5 Lessons on writing from Raymond Carver: The Short Story

Five lessons on writing from short story master Raymond Carver

1) In an introduction to Where I’m Calling From, Ray Carver quotes a line from Babel’s Collected Stories:

“No iron can stab the heart with such force as a period put just in the right place.”

2) Of course, this applies to all writing! Later he quotes V.S. Pritchard’s definition of a short story as

“something glimpsed from the corner of the eye, in passing.”

3) First the glimpse, he writes:

“Then the glimpse given life, turned into something that will illuminate the moment and just maybe lock it indelibly into the reader’s consciousness. Make it a part of the reader’s own experience, as Hemingway so nicely put it. Forever, the writer hopes. Forever.”

4) In his introduction to The Best American Short Stories 1986, which he edited, Carver lists 5 elements he considers important to a short story:

choices, conflict, drama, consequence, and narrative.

5) And last but not least, Carver believes:

“in the efficacy of the concrete word, be it noun or verb, as opposed to the abstract or arbitrary or slippery word–or phrase or sentence.”

“Little Things” aka “Popular Mechanics” aka “Mine” by Raymond Carver

carversite: raymond carver story

Little Things by Raymond Carver

Early that day the weather turned and the snow was melting into dirty water. Streaks of it ran down from the little shoulder-high window that faced the backyard. Cars slushed by on the street outside, where it was getting dark. But it was getting dark on the inside too.

He was in the bedroom pushing clothes into a suitcase when she came to the door.

I’m glad you’re leaving! I’m glad you’re leaving! she said. Do you hear?

He kept on putting his things into the suitcase.

Son of a bitch! I’m so glad you’re leaving! She began to cry. You can’t even look me in the face, can you?

Then she noticed the baby’s picture on the bed and picked it up.

He looked at her and she wiped her eyes and stared at him before turning and going back to the living room.

Bring that back, he said.

Just get your things and get out, she said.

He did not answer. He fastened the suitcase, put on his coat, looked around the bedroom before turning off the light. Then he went out to the living room.

She stood in the doorway of the little kitchen, holding the baby.

I want the baby, he said.

Are you crazy?

No, but I want the baby. I’ll get someone to come by for his things.

You’re not touching this baby, she said.

The baby had begun to cry and she uncovered the blanket from around his head.

Oh, oh, she said, looking at the baby.

He moved toward her.

For God’s sake! she said. She took a step back into the kitchen.

I want the baby.

Get out of here!

She turned and tried to hold the baby over in a corner behind the stove.

But he came up. He reached across the stove and tightened his hands on the baby.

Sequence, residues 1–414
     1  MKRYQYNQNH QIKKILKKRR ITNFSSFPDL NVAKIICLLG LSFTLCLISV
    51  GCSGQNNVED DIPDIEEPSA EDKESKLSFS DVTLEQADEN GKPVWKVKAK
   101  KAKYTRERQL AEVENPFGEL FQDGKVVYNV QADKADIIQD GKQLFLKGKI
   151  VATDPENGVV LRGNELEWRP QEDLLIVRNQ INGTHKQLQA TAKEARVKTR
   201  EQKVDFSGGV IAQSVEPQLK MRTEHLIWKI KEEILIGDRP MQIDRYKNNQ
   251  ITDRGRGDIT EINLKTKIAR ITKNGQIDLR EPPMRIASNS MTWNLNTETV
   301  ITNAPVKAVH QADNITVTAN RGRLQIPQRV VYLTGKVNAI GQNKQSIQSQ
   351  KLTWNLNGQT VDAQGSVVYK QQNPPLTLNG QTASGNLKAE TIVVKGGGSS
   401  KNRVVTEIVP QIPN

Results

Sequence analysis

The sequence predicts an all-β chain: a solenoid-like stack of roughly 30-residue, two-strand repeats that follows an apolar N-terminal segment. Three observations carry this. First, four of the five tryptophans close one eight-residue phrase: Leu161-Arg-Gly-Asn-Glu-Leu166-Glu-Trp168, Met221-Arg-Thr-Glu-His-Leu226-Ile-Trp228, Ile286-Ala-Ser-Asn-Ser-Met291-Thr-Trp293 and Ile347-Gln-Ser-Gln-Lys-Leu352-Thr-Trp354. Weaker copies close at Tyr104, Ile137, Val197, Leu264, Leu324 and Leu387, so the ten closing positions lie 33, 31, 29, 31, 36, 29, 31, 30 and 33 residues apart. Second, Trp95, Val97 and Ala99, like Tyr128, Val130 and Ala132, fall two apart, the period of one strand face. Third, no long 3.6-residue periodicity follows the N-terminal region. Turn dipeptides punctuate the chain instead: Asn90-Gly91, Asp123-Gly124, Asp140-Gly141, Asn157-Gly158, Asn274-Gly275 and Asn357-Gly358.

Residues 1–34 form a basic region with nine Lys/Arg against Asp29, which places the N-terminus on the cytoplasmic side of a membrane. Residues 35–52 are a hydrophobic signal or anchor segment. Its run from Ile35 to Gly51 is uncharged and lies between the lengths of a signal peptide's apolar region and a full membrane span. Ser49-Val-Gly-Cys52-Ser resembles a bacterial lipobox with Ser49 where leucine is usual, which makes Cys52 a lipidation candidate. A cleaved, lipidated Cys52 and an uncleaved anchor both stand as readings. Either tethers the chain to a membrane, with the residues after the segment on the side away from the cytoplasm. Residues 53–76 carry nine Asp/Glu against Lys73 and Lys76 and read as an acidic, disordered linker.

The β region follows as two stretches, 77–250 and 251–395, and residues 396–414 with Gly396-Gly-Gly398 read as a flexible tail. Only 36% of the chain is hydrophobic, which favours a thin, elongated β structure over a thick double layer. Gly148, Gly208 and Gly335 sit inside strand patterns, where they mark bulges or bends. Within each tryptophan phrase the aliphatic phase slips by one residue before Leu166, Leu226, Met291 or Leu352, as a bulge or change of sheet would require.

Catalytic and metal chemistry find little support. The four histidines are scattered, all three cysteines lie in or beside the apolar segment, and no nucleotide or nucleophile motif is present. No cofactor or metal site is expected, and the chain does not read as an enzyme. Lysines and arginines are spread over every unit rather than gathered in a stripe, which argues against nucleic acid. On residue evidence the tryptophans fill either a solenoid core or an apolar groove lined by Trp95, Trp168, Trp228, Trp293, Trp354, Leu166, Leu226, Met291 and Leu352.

Let go of him, he said.

Get away, get away! she cried.

The baby was red-faced and screaming. In the scuffle they knocked down a flowerpot that hung behind the stove.

He crowded her into the wall then, trying to break her grip. He held on to the baby and pushed with all his weight.

Let go of him, he said.

Don’t, she said. You’re hurting the baby, she said.

I’m not hurting the baby, he said.

The kitchen window gave no light. In the near-dark he worked on her fisted fingers with one hand and with the other hand he gripped the screaming baby up under an arm near the shoulder.

She felt her fingers being forced open. She felt the baby going from her.

No! she screamed just as her hands came loose.

She would have it, this baby. She grabbed for the baby’s other arm. She caught the baby around the wrist and leaned back.

But he would not let go. He felt the baby slipping out of his hands and he pulled back very hard.

In this manner, the issue was decided.

“Little Things” from Where I’m Calling From: The Selected Stories Atlantic Monthly Press, 1988. Copyright © 1988 by Tess Gallagher.

The story appeared as “Mine” in Furious Seasons And Other Stories Capra Press, 1977 and as “Popular Mechanics” in What We Talk About When We Talk About Love Knopf, 1981.

“Your Dog Dies” by Raymond Carver

YOUR DOG DIES

by Raymond Carver

it gets run over by a van.
you find it at the side of the road
and bury it.
you feel bad about it.
you feel bad personally,
but you feel bad for your daughter
because it was her pet,
and she loved it so.
she used to croon to it
and let it sleep in her bed.
you write a poem about it.
you call it a poem for your daughter,
about the dog getting run over by a van
and how you looked after it,
took it out into the woods
and buried it deep, deep,
and that poem turns out so good
you’re almost glad the little dog
was run over, or else you’d never
have written that good poem.
then you sit down to write
a poem about writing a poem
about the death of that dog,
but while you’re writing you
hear a woman scream
your name, your first name,
both syllables,
and your heart stops.
after a minute, you continue writing.
she screams again.
you wonder how long this can go on.

thanks to Rodger at Carver’s Dog for reminding me about this poem and for providing the link